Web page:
• Europe Town Hall

    28 April 2021

    Spaces available

    IFoA Immediate Past President John Taylor would like to invite you to the Institute and Faculty of Actuaries’ (IFoA) virtual Europe Town Hall, hosted by John Taylor with IFoA Council Members Alan Rae, Jennifer Hartley, Maribel Vasquez Flores and IFoA Chief Executive, Stephen Mann.

  • Spaces available

    Sessional Meeting - Free to viewMis-estimation risk is a key element of demographic risk, and past work has focused on mis-estimation risk on a run-off basis.  However, this does not meet the requirements of regulatory regimes like Solvency II, which demands that capital requirements are set through the prism of a finite horizon like one year.  This paper presents a value-at-risk approach to mis-estimation risk suitable for Solvency II work

  • Finance & Investment Virtual Conference 2021

    Available to watch globally in May.
    10-12 May 2021
    Spaces available

    This year's Finance and Investment Virtual Conference takes on the timely theme of ‘resilience’, something we have all learnt a lot more about in the last year! Our diverse range of talks will explore the theme of resilience in a variety of ways including in building robust investment portfolios, in the incorporation of ESG factors, in govern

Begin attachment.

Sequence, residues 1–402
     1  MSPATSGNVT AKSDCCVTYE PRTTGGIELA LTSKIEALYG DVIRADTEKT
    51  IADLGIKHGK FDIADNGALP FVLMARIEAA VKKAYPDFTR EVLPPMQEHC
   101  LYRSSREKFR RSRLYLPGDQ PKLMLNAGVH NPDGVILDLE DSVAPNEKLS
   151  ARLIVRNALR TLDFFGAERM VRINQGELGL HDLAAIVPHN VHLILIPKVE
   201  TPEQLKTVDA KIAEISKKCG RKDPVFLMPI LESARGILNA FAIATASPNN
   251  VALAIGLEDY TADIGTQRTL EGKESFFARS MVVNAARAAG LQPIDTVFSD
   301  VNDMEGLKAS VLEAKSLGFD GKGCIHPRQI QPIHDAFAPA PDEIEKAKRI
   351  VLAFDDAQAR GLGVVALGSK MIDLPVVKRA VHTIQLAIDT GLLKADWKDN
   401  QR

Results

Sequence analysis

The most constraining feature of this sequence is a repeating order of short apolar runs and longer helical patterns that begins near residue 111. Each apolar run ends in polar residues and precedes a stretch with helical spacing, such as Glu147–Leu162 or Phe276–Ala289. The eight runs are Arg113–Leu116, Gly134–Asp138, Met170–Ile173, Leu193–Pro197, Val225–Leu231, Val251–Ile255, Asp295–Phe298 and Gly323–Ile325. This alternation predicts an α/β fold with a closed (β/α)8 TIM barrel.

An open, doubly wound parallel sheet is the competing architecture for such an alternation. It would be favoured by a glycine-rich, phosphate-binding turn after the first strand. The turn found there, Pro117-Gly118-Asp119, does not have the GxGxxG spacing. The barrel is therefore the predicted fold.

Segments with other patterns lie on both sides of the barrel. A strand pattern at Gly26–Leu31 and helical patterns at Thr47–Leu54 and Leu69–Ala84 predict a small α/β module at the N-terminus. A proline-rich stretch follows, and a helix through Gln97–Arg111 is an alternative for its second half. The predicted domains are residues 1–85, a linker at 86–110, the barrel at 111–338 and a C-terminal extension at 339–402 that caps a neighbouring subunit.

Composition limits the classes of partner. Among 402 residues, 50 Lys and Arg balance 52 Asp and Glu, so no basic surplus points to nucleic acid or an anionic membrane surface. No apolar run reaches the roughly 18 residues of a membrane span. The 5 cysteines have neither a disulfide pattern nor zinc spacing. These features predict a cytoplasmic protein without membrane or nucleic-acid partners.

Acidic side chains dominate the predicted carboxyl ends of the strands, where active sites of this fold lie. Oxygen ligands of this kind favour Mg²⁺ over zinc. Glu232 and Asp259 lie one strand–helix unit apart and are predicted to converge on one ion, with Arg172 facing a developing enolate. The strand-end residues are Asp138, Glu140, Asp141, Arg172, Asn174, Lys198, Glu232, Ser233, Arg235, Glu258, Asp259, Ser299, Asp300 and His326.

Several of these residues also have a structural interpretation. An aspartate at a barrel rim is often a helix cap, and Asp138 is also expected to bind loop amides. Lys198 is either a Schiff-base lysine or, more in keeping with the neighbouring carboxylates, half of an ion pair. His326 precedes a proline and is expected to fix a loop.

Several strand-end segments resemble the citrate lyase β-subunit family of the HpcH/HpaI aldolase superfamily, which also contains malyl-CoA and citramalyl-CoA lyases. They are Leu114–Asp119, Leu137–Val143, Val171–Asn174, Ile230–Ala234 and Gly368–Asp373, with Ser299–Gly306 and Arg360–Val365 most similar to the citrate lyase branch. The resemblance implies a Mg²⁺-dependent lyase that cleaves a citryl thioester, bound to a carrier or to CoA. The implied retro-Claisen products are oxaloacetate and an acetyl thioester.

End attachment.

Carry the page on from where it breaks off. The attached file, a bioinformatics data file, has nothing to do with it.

• Spaces available

    This talk will explore the potential benefits that wearable tech can bring to health & protection insurers and their customers. The traditional approach of integrating wearables into insurance has largely focused on measuring steps and using rewards-based incentive programs to encourage more activity.

  • Spaces available

    Join us for this talk with Professor Sir Adrian Smith as part of the 'Dr Patrick Poon Presidential Speaker Series'. Professor Smith joined The Alan Turing Institute as Institute Director and Chief Executive in September 2018. In November 2020, he became President of the Royal Society, in addition to his leadership of the Turing. He is also a member of the government's AI Council, which helps boost AI growth in the UK and promote its adoption and ethical use in businesses and organisations across the country. He received a knighthood in the 2011 New Year Honours list.

     

  • CILA 2021

    Available to watch globally in May.
    19-21 May 2021
    Spaces available

    We continue to live in a world of global uncertainty. Survival depends on our ability to simultaneously navigate through the diverse root-causes, ranging from: the consequences of Climate Change; on-going financial consequences of the COVID pandemic; or self-imposed changes in regulatory requirements and accounting standards.

  • Pensions Conference 2021

    Online webinar series
    16-22 June 2021
    Spaces available

    Welcome to the programme for our 2nd Virtual Pensions Conference. This year's conference features 11 webinars offering members and non-members the opportunity to get up to date content from leading experts in the pension industry. There will also be opportunity to ask questions and contribute to the discussion.